The feature documentary film “Srpska: The Struggle for Freedom” chronicles the history of the people living in what is today Bosnia and Herzegovina, from Medieval times to the modern country. By presenting interesting historical facts about the Ottoman and Austro-Hungarian times in the region, as well as the Yugoslav era, both royalist and socialist, the film explains the turbulent past that, at times, shaped European, but also global events.
The film discusses important historical personalities, monuments, and events, in order to bring the people of this region closer to the film’s viewers, but also explains their historical struggle for self-determination and the preservation of their tradition and culture.
The film starts with the beginnings of organized institutions in the areas around the source and lower course of the river Bosna, chronicling the rise of the medieval Bosnian state. Later in history, the fate of the Serbs inhabiting the land is intertwined with that of the Ottoman empire and, eventually, Austria-Hungary’s fate. A fateful event in Sarajevo sparked the First World War, which caused a lot of misfortune not only for Bosnia and Herzegovina, but Europe and the world as well.
The film then documents the role that this land played in the first Yugoslav state – the Kingdom of Serbs, Croats, and Slovenes, which later became the Kingdom of Yugoslavia. The grave suffering of the people, predominantly Serbs, Jews, Roma, and others, during World War II will be presented in the film, together with a more peaceful and prosperous time that followed, as the Socialist Federal Republic of Yugoslavia was formed, under Tito.
The film explains the principle according to which socialist Yugoslavia was organized, but also present the spirit of that time, which promised centuries of peace. The 1984 Sarajevo Olympics are a theme that runs throughout the film, as an example of what the people of the region could achieve when they put their differences aside and worked together for the common good and healthy competition.
The events that lead to the bloody wars in the former Yugoslavia will be explained chronologically from the beginning to the end of the war in Bosnia and Herzegovina with the signing of the Dayton Agreement in 1995 that lead to the formation of an entity called Republika Srpska. Unfortunately, this came after many crimes were committed by all sides, but the film tries to end on a positive note – after so much war and destruction, the nations that inhabit Bosnia and Herzegovina do see a light at the end of the tunnel.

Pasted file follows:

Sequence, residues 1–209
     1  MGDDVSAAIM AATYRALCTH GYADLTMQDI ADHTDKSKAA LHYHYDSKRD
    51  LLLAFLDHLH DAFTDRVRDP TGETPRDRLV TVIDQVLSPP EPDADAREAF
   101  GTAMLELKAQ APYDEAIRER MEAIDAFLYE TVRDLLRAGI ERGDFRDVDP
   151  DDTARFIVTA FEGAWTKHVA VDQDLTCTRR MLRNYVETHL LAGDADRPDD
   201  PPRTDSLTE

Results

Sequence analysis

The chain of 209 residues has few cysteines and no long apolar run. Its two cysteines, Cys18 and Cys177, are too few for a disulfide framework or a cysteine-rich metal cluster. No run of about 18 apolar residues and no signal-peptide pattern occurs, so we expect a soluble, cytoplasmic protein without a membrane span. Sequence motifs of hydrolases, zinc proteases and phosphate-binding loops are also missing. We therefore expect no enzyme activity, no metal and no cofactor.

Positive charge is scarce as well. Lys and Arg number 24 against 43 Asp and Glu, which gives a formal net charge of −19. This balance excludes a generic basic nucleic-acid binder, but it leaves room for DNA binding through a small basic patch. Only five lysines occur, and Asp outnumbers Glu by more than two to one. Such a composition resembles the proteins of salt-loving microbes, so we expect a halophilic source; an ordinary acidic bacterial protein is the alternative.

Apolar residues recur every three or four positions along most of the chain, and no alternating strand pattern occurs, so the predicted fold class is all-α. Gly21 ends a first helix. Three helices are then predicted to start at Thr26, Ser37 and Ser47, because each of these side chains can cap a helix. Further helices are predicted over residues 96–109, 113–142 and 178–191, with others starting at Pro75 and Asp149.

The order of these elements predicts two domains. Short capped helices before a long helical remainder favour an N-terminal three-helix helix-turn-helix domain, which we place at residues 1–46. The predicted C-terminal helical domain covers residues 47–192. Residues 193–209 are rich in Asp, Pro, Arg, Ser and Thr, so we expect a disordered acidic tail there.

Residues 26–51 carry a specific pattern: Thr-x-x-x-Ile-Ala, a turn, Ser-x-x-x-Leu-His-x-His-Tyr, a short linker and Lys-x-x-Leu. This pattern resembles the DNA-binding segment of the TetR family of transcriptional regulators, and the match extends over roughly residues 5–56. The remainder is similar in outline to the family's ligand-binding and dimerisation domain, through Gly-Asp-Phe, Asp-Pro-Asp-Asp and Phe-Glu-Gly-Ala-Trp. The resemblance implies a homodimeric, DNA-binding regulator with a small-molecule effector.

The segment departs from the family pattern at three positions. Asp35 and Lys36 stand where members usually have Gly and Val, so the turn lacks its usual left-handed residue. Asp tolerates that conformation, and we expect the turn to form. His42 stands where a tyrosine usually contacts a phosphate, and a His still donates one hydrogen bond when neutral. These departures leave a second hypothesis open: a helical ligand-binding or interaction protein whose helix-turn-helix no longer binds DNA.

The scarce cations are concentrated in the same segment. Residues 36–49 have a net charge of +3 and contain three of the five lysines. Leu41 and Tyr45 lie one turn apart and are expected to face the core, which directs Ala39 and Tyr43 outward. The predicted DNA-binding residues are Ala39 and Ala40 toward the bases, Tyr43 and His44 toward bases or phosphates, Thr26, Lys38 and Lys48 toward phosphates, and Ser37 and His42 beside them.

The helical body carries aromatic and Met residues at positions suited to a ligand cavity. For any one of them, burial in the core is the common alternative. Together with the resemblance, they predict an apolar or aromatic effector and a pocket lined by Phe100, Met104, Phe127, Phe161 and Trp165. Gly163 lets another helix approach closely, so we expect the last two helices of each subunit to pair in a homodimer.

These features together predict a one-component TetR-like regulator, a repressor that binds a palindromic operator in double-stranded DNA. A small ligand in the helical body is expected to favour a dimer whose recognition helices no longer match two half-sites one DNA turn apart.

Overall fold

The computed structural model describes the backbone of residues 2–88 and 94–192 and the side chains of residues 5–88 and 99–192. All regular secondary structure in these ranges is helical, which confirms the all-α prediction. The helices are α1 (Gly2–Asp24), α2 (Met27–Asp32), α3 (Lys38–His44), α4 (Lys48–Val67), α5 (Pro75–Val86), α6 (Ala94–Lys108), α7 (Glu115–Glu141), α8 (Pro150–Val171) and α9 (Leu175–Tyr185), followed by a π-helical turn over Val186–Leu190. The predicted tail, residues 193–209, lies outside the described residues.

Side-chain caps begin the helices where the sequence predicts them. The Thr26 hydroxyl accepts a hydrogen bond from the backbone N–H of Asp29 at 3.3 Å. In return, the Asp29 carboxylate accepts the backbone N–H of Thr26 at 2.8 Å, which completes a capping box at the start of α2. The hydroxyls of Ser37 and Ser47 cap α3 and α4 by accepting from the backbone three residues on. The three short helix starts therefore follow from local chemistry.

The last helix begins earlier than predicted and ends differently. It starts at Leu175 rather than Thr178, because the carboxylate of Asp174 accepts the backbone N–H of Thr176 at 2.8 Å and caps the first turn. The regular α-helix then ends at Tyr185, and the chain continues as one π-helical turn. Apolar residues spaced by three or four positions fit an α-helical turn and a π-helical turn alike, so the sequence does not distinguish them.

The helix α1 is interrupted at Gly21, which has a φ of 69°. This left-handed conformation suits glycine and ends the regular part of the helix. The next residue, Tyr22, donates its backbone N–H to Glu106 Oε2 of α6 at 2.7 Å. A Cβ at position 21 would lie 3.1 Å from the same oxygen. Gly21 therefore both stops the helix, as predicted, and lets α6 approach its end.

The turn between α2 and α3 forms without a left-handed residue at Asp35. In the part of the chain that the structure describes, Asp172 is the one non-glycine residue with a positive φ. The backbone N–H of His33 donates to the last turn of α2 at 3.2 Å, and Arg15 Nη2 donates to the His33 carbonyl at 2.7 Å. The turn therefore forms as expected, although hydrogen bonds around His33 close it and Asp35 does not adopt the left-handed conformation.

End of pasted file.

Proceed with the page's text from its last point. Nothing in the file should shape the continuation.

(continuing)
With recognition of the suffering of others comes reconciliation, and with that comes the hope that these people will live in freedom and prosperity, as was the wish of many in the past who have struggled to achieve that freedom.
Boris Malagurski is a Serbian-Canadian film director, producer, writer, television host and activist. His films include "Kosovo: Can You Imagine?" (2008), "The Weight of Chains" (2010), "The Presumption of Justice" (2012), "Belgrade" (2013), "The Weight of Chains 2" (2014), "Kosovo: A Moment In Civilization" (2017), "The Weight of Chains 3" (2019) and "Montenegro: A Land Divided" (2021), and his work has been screened on festivals worldwide, including Raindance in London, BANEFF in Stockholm and Oslo, Montecasino Festival in Johannesburg, Subversive Festival in Zagreb and Beldocs in Belgrade, and broadcast on TV channels worldwide, including Eurochannel.
What makes you fascinated with the cinematic language and what was the first film project you worked on?
I actually started making films in elementary school in Serbia with my friends from class — we’d make up scripts inspired by existing movies and TV shows. But I could say my first real film was a documentary about me moving to Canada in 2005. As I was going through a rollercoaster of emotions, I realized the cinematic language was a way to express myself, but also connect with others who had similar life stories. It was when this film was selected and won in the student film category at the First Take International Film Festival in Toronto that I decided that I would pursue a career in the film industry.